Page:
Researchers at North Carolina State University have significantly increased the temperature at which carbon-based materials act as superconductors, using a novel, boron-doped Q-carbon material. The previous record for superconductivity in boron-doped diamond was 11 Kelvin, or minus 439.60 degrees Fahrenheit. The boron-doped Q-carbon has been found to be superconductive from 37K to 57K, which is minus 356.80 degrees F.

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Regular conductive materials conduct electricity, but a lot of that energy is lost during transmission. Superconductors can handle much higher currents per square centimeter and lose virtually no energy through transmission. However, superconductors only have these desirable properties at low temperatures. Identifying ways to achieve superconductivity at higher temperatures – without applying high pressure – is an active area of materials research.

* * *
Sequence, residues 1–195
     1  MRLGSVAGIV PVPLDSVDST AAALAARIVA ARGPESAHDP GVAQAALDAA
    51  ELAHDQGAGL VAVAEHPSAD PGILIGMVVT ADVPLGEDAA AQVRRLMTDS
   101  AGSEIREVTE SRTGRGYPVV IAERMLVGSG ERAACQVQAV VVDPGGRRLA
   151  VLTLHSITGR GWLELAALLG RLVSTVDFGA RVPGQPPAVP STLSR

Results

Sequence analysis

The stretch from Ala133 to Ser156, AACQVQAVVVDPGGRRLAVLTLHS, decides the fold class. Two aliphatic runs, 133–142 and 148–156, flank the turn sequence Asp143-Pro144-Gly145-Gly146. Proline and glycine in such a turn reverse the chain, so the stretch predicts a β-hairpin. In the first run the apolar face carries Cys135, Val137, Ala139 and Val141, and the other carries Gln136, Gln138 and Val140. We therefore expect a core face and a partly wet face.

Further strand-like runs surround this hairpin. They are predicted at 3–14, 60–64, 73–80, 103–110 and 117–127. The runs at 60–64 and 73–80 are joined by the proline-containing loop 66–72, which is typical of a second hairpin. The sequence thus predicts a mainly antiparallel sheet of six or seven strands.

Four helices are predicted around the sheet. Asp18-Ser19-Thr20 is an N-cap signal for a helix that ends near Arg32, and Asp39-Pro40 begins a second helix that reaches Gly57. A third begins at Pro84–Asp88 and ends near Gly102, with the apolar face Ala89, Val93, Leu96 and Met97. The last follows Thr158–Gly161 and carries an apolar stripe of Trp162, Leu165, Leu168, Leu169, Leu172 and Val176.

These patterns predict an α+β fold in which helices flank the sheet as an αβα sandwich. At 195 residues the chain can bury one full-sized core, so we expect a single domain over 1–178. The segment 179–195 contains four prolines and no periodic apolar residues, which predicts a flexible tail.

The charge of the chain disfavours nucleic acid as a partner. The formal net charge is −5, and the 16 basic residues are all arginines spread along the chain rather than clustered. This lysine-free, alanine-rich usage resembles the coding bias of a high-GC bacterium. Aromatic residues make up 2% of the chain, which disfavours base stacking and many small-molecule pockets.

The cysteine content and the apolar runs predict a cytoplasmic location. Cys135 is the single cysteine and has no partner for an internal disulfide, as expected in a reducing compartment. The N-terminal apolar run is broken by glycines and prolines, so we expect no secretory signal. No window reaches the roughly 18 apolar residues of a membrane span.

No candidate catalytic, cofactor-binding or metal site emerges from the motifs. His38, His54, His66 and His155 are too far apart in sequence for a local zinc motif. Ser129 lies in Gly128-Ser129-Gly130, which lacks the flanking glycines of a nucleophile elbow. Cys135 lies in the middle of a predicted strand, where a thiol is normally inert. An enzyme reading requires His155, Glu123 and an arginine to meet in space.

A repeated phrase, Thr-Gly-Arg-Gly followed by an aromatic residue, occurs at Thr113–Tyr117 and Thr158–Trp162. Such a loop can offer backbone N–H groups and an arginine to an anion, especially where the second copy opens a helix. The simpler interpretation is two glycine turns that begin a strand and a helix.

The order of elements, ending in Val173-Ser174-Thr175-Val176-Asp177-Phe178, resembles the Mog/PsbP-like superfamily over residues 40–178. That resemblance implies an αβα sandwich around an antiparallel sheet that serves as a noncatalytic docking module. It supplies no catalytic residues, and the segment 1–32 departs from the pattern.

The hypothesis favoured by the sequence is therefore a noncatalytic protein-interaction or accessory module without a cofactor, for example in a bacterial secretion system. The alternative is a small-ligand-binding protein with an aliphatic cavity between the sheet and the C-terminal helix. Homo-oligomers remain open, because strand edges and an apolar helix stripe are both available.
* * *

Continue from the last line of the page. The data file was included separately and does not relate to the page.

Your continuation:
To make the boron-doped Q-carbon, the researchers coat a substrate with a mixture of amorphous carbon and boron. The mixture is then hit with a single laser pulse lasting for only a few nanoseconds. During this pulse, the temperature of the carbon is raised to 4,000 Kelvin and then rapidly quenched.

That higher concentration of boron is what gives the material its superconductivity characteristics at a higher temperature. The superconductivity in Q-carbon has special significance for practical applications, as it is transparent, super hard and tough, biocompatible, erosion and corrosion resistant. Nothing like that exists today.

B-doped Q-carbon can handle as much as 43 million amperes per square centimeter at 21K in the presence of a two Tesla magnetic field. Since we have demonstrated superconductivity at 57K, this means the doped Q-carbon is already viable for applications.

 

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